[Jesus] sat down and called the twelve disciples over to him. Then he said, “Anyone who wants to be the first must take last place and be the servant of everyone else.”
It’s hard to glamorize the disciples of Jesus when you pay attention to the Scriptures. Today’s passage is a response to their ongoing argument about who was the greatest among them. When Jesus asked them about it, they kept quiet out of embarrassment. His response offers the antidote for pride and ambition and a model for true leadership.
A few years ago, when Mother Teresa visited Phoenix, Arizona, to speak at the opening of a home for the destitute, KTAR, the largest radio station in town, interviewed her. During a commercial break the announcer asked Mother Teresa whether there was anything he could do for her. He expected her to request a donation or ask for media help to raise money for the new facility.
Instead, she looked him in the eye and said, “Yes, there is. Find someone nobody else loves and love them.”
I’ve never heard the rest of the story. I don’t know if the challenge of that diminutive nun from Calcutta caused that disc jockey to seek our someone to love unconditionally or not. But it is a challenge that’s hard to ignore.
Giving a gift of money is never as costly as giving of our lives. The gift of money is immediate. But giving our lives is ongoing.
The gift of money represents that past portion of our lives that we have already invested in our work. The gift of service represents a desire to invest more of our future in that which has eternal significance. Once money leaves our hands, so often the memory of it leaves us as well. But when we give our hearts, the memories are with us forever.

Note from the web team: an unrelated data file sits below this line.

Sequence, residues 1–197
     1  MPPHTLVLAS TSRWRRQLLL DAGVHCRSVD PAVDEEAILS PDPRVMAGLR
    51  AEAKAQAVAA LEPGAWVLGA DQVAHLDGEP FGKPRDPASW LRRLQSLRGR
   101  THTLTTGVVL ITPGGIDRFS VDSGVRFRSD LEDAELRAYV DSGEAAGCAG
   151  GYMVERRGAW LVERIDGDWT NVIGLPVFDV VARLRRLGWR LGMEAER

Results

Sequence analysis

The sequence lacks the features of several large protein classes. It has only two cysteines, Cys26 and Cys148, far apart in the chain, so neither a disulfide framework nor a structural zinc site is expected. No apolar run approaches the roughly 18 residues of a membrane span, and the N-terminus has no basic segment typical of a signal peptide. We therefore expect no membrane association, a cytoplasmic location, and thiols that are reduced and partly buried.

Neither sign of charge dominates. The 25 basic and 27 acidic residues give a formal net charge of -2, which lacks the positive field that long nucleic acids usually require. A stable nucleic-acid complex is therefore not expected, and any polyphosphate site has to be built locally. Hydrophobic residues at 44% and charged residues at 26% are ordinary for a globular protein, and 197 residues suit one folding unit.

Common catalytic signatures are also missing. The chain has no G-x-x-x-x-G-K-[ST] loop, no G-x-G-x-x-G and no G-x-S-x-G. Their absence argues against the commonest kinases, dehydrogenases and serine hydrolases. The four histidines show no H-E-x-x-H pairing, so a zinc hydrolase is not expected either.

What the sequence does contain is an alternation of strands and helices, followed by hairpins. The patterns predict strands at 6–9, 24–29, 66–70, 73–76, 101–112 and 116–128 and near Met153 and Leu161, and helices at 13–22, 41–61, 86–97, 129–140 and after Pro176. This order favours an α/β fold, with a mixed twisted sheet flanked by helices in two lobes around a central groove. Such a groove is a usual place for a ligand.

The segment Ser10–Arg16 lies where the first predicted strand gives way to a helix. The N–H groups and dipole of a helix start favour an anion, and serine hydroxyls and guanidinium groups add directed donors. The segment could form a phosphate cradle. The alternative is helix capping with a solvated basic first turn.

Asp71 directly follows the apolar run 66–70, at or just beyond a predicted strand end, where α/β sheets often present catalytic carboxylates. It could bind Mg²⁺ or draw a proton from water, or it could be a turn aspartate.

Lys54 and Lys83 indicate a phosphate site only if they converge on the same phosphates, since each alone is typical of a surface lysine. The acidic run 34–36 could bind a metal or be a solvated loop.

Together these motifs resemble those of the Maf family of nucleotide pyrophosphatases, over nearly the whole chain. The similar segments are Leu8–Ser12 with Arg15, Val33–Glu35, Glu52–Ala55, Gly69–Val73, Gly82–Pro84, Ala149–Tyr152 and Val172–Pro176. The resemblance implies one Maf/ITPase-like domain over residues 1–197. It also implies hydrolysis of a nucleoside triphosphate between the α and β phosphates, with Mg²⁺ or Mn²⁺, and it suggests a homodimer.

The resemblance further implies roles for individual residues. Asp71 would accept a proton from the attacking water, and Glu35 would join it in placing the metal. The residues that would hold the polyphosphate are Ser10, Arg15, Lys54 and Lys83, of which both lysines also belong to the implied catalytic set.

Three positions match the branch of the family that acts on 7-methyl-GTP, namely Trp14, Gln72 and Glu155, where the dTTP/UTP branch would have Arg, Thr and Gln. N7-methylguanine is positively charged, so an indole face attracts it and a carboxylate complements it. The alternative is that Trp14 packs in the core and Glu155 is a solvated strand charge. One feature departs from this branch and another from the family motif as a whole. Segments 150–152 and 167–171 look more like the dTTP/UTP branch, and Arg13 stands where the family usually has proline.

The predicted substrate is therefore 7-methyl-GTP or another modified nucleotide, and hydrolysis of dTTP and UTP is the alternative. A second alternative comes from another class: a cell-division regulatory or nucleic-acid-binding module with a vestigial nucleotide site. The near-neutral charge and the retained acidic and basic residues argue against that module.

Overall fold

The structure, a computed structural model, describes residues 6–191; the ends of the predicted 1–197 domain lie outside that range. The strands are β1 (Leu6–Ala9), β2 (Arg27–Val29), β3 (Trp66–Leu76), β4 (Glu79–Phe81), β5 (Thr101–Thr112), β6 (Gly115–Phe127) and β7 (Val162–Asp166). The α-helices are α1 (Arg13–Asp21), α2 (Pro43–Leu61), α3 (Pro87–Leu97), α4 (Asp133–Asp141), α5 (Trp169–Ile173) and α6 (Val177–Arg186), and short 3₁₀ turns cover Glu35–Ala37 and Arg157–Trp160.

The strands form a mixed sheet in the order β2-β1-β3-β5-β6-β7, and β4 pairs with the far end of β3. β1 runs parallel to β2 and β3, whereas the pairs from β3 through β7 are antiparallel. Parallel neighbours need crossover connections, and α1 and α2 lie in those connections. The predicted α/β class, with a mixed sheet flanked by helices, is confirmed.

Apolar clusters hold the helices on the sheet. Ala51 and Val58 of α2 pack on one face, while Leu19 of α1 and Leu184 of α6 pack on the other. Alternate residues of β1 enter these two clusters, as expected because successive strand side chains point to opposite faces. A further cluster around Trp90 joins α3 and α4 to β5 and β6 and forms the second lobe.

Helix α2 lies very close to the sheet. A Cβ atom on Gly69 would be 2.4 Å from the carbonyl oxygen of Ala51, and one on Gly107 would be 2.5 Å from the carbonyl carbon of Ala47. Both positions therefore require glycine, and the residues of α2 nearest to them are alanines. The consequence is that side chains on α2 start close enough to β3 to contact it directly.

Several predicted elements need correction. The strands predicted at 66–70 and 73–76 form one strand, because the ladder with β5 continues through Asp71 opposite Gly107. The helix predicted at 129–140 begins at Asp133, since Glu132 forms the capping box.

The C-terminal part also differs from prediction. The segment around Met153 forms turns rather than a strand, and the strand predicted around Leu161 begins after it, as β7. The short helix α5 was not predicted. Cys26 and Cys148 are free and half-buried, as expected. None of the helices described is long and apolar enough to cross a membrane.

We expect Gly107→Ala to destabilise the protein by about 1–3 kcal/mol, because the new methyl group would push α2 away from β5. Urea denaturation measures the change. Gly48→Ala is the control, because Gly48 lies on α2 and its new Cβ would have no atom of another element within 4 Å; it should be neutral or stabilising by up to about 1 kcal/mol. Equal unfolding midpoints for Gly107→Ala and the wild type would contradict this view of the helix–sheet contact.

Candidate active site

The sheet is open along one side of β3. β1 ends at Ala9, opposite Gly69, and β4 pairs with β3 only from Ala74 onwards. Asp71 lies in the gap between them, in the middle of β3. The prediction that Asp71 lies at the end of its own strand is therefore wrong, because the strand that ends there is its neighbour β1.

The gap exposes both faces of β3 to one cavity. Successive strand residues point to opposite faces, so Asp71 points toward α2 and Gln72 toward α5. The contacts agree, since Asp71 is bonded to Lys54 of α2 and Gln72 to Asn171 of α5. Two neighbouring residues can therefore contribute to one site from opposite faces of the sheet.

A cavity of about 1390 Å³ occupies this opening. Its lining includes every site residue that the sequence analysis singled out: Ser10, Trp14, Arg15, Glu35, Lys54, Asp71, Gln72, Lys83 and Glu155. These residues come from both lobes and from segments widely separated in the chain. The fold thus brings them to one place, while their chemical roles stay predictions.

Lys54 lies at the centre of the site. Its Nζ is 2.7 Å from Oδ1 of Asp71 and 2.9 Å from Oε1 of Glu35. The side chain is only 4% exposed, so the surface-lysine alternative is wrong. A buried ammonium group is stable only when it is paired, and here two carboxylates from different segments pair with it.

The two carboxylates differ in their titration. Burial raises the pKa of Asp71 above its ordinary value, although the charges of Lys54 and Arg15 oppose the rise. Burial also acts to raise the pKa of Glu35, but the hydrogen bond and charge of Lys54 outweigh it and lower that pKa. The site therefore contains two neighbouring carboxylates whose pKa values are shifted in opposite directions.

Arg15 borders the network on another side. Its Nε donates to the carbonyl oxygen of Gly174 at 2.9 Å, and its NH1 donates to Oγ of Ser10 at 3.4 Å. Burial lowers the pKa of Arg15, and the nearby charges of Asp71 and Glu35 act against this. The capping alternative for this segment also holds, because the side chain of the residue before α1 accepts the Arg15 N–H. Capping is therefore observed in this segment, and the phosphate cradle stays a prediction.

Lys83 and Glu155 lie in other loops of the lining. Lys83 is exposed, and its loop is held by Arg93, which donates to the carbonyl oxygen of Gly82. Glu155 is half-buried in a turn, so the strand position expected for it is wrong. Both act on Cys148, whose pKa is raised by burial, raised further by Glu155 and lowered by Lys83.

While money is a necessary (and always appreciated!) ingredient for any kingdom endeavor, the most acute need is always for leaders and servants. Where are those who will invest themselves in the lives of others, nurturing, encouraging, and developing people into mature disciples? Most of us, if offered a choice between giving some extra money to our church or working in the church’s preschool department, would dig deep into our pockets!
But it is precisely that sacrificial quality of service that makes it so valuable. Whether it is teaching children in Sunday school or being part of the work crew that puts a new roof on the crisis pregnancy center, serving is the key to keeping our priority and focus.
What are some of the unique experiences God has used to bring growth in my life? How can serving others redeem even difficult experiences?
God, please bring to mind people who would benefit from spending time with me. How could I offer them encouragement, hope, and opportunities to grow? Grant me the courage to contact them—today.
“The man who keeps busy helping the man below him won’t have time to envy the man above him.”
—Henrietta Mears, twentieth-century Christian educator